A new energy plan
In the Integrated Resource Plan of the Department of Energy (DoE), released on october 29th, it is stated that solar energy is one of the main solutions in combatting the energy crisis. DoE recognises the importance of solar energy and forecasts an increase of its production around 560% by 2030. Coal (non-renewable) production would plummet from 71% to 43% by the same horizon. However, analysts point out that despite its decrease, the projected coal production is still too high to make a meaningful contribution to combating climate change.
Furthermore, a recent research from Harvard University and the University of Leicester (2019) concludes that the shift towards clean energy sources in South Africa would greatly impact the health of its inhabitants and even people abroad. Polluted air from power plants in South Africa travels as far as northern Angola because of winds and air circulation. The construction of new coal plants in South Africa will be detrimental to the health of tens of thousands in the southern part of the African continent. Joe Schwartz, co-autor of the study, states: “Africa has the opportunity to avoid the mistakes that much of the rest of the world has made in electricity generation and transportation.”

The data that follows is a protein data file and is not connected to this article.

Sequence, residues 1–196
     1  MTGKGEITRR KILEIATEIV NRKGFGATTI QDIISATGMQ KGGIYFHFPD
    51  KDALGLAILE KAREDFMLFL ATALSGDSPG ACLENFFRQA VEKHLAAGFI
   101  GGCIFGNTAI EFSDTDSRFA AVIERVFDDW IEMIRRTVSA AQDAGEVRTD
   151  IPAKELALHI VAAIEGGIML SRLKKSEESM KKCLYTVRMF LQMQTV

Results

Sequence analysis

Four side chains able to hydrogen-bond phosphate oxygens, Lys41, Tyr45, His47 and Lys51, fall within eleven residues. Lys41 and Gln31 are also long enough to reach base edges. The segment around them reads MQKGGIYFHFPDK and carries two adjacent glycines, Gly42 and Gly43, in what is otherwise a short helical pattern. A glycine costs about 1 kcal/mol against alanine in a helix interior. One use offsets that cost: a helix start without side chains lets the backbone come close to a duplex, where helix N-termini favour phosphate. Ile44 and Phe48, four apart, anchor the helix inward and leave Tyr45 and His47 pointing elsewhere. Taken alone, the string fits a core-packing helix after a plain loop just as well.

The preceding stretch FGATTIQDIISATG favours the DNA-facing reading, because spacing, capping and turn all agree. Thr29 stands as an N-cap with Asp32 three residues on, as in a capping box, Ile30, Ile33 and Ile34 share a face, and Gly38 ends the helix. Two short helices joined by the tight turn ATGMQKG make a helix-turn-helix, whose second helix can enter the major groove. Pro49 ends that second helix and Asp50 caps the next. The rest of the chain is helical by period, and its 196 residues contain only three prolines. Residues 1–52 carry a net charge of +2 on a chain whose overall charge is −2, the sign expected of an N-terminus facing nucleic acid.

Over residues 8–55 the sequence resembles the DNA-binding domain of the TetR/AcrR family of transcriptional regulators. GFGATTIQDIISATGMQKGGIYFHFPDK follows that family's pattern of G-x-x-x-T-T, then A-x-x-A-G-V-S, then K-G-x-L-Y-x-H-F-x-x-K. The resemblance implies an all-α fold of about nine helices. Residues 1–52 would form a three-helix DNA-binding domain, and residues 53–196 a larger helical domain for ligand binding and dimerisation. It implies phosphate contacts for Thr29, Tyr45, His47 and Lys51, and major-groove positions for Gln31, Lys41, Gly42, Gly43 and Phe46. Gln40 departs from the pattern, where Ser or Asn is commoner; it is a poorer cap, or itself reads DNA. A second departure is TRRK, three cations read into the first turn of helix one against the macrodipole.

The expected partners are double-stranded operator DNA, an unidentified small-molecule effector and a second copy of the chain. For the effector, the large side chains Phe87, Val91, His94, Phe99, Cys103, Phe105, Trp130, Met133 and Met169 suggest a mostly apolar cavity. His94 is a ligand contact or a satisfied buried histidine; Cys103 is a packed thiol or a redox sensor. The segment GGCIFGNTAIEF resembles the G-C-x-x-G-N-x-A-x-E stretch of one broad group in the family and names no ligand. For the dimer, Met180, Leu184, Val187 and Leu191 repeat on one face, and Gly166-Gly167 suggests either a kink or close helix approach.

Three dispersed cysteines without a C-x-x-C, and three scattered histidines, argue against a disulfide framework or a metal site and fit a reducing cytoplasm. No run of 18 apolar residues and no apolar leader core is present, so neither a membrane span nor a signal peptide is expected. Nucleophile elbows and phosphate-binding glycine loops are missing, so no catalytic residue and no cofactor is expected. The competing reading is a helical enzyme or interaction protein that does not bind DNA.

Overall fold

What does this signify for energy consumers?
Despite the various negative consequences that the current energy system presents in South Africa, a clear reticence is still observed in regard to abandoning fossil sources of energy. In the new energy plan, coal is projected to remain the main source of energy and the share of energy from natural gas will increase. However, as alternatives for fossil energy sources become viable, environmentally conscious energy consumers are beginning to have an impact in shaping the South African energy mix. Solar energy is proving to be a cleaner, more stable and cheaper source of energy.
By a mass adoption of clean energy sources like solar, the part of solar in the energy mix would skyrocket, surpassing the forecasts and starting to take over fossil sources. Leveraging the recent better attitude of the South African government in regard renewable energies, a substantial number of private and corporate consumers have been following the “Green Path”.
Don’t hesitate and join the movement. Help reshaping the energy mix for the better and guarantee yourself of a positive environmental legacy.